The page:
Ms OWENS: It is a different statistic, and I am going to deal with the statistic because it is actually really interesting. The ABS uses a completely different definition of 'small business' to anyone else. If you look around the different groups, ASIC says that a small business has a revenue of less than $25 million and fewer than 50 employees; the ATO has it as a turnover of less than $2 million; and Fair Work, 15 employees. But ABS has a unique one, which is less than 20 employees and then you are a small business. During the period of the Labor government, from 2007 to 2013, there was an actual reduction in the number of people employed in that sector in businesses of less than 20 people. There was, that is actually true, but what the government does not tell you is the number of medium businesses increased dramatically. So during that same time, the number of people employed by medium businesses actually rose by 1.9 million to 2.7 million—a substantial increase in the medium sector of businesses, which are businesses of more than 20 people and less than 200 people.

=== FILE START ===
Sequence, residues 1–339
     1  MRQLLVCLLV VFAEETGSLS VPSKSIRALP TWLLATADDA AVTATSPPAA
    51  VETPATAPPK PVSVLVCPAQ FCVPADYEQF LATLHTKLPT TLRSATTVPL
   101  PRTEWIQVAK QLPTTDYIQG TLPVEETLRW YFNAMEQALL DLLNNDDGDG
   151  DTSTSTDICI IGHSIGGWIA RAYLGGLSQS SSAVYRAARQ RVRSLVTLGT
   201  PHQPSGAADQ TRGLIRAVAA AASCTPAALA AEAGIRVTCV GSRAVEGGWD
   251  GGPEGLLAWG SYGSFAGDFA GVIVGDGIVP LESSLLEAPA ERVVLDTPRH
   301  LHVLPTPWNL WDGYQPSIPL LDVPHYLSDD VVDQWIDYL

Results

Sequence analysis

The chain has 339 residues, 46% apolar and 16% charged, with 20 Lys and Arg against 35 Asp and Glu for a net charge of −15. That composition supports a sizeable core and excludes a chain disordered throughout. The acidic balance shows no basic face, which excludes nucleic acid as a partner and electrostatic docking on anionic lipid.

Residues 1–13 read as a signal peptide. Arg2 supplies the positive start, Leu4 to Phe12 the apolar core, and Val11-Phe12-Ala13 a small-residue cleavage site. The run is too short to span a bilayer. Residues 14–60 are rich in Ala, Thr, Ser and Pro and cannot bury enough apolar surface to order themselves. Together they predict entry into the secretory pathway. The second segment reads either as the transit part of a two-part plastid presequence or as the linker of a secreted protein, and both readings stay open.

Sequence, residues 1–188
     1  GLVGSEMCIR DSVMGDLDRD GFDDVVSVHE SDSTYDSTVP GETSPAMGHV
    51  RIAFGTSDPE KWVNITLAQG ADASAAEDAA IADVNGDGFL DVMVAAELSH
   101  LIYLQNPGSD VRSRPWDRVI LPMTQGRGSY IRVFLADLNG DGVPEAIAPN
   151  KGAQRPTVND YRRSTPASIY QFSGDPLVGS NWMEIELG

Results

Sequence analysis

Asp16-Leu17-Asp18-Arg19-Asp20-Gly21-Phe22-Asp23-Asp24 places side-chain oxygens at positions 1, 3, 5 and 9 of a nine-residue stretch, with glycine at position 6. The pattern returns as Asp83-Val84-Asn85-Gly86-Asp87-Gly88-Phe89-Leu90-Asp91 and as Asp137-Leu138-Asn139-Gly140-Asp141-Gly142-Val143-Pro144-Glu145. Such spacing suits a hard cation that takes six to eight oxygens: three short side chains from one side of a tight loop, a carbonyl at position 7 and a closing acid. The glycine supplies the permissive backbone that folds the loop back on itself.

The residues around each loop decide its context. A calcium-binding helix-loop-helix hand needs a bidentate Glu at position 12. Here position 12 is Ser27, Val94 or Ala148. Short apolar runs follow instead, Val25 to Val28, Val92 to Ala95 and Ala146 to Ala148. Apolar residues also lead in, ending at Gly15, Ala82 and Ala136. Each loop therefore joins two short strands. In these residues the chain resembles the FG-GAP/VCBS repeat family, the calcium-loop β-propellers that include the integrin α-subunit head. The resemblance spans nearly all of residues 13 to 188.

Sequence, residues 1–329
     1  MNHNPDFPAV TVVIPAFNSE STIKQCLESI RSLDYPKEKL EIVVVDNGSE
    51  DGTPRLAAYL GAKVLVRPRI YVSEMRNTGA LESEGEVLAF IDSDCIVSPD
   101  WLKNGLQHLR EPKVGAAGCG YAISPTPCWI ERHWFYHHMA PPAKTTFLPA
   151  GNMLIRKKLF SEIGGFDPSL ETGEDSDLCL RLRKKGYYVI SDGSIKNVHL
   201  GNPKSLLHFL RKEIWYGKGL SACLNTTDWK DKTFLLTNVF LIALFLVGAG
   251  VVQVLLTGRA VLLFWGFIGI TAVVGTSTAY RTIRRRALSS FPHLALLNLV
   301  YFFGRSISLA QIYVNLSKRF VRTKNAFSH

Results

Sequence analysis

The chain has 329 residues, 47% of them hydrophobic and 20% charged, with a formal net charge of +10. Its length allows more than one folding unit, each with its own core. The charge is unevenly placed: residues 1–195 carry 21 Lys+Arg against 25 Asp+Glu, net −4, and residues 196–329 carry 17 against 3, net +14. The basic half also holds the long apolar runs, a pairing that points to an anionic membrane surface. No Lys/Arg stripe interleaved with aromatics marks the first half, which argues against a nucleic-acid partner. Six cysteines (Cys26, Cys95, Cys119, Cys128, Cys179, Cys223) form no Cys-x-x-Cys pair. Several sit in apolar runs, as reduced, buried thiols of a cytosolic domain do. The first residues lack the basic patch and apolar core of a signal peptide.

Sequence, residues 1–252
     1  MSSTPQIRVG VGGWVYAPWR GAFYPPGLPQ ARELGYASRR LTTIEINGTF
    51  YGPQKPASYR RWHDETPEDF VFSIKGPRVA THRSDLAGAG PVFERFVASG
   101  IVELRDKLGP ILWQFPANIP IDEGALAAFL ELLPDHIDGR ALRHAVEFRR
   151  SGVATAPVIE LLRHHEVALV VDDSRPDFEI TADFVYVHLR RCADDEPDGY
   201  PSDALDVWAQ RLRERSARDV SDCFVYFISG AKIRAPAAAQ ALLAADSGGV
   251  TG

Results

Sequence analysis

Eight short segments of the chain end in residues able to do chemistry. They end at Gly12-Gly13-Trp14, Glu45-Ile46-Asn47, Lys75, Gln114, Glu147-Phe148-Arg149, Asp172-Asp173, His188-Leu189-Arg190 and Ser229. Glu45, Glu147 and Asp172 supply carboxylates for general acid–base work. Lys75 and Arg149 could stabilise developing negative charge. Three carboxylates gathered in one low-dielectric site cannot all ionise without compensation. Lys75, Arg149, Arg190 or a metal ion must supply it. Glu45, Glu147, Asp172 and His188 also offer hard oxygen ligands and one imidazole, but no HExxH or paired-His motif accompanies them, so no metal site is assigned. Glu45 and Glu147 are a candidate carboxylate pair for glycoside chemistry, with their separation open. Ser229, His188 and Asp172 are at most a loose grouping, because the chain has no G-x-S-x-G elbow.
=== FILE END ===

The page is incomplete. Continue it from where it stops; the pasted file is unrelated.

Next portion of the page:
So what we had here was the number of small businesses decreasing and medium businesses increasing. It could be that the small businesses grew, for example. It could be that they grew so they no longer appeared in the ABS group of less than 20, because suddenly they had more than 20 people. That would account for the fact that there are so many more people employed in small business. In fact; during the period of the Labor government there was an annualised 1.8 per cent increase in the number of employed people, including an additional 822,000 people in medium-size businesses and an additional 757,000 people in large businesses. And there was an additional 39,000 small businesses in the economy. So the government is very, very good! We have seen the government's slight of hand in many, many cases over the last year. We have seen their extraordinary capacity to take one figure and turn it into something else. This is absolutely another case of this. Only the Abbott government would think it was problematic that small businesses with less than 20 people grew to be bigger ones. Only the Abbott government would find that problematic, but they do. It is a convenient figure they can keep bandying about to confuse the issue and make quite an effective small business strategy appear other than it is. I can tell you, Member for Hindmarsh, that it is actually a good thing when a business with fewer than 20 people employs more than 20 people. It is actually good to employ more. It is good to move from the ABS category of fewer than 20 people into the medium one. It is a very good thing.